Sen. Patrick Leahy (D-Vt.) formally assumed a position in the presidential line of succession Tuesday, becoming the Senate Pro Tempore after the death of Sen. Daniel K. Inouye (D-Hawaii).
Vice President Biden administered the oath of office to Leahy from the Senate rostrum at 11:33 a.m., with Sens. Bernard Sanders (I-Vt.) and Senate Majority Leader Harry M. Reid (D-Nev.) standing behind him.
At least 28 senators, seated at their desks, were present for the ceremony and stood to applaud once Leahy took the oath. Leahy shook the hands of Sens. Jon Kyl (R-Ariz.) and Orrin Hatch (R-Utah) as he returned to his seat.
Per tradition, the Senate opened Tuesday morning with a black drape and a dozen white roses placed over Inouye’s desk, which is located behind Reid’s desk and podium and next to desks occupied by Sen. John F. Kerry (D-Mass.) and Leahy.
“I can’t tell you how much it pains me. He was one of the greatest members of this body ever to have served, and a dear friend to so many of us,” Leahy said before taking the oath. “He’s perhaps the best role model for public service any American could ask for.”
“Sen. Inouye’s story is one of great passion for his people,” Leahy said, pausing to hold back tears, before adding, “Commitment to his calling in public service and dedication to finding a better way forward for all Americans. A true patriot.”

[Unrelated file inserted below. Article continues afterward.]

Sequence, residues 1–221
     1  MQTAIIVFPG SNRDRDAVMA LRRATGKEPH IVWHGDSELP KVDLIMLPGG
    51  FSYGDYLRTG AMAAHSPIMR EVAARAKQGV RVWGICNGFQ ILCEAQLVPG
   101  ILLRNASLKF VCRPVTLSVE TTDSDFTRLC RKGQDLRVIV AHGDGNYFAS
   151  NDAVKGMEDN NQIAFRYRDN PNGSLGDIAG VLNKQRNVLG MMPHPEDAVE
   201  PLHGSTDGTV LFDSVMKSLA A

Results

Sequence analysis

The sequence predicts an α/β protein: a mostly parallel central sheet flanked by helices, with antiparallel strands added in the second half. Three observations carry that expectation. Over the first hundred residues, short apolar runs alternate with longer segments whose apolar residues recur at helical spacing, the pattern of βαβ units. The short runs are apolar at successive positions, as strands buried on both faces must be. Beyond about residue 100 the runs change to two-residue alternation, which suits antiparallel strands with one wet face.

Leahy, 72, was first elected to the Senate in 1974. Born in Montpelier, Vt., he grew up near the Vermont state capitol and was an attorney before winning his Senate seat.
Leahy currently chairs the Senate Judiciary Committee, but is now also in line to succeed Inouye as chairman of the powerful Senate Appropriations Committee. Senate Democrats have not yet announced how Inouye’s death changes committee leadership positions.
By tradition, the “Senate Pro Temp” is expected to preside over the Senate in the absence of the vice president. But tradition also dictates that presiding duties fall to the most-junior members of the majority party so that they may learn the arcane procedural rules of the chamber.
Inouye was the second-longest serving senator in U.S. history, behind Sen. Robert C. Byrd (D-W. Va.), who died in 2010. He was first elected to the House in 1959 — the year Hawaii became a state — and won his Senate seat in 1962.
As Sen. Daniel Akaka (D-Hawaii) noted Monday evening in an emotional tribute to his colleague, Tuesday is the first day in the history of Hawaii that Inouye will not be representing the state in Congress.
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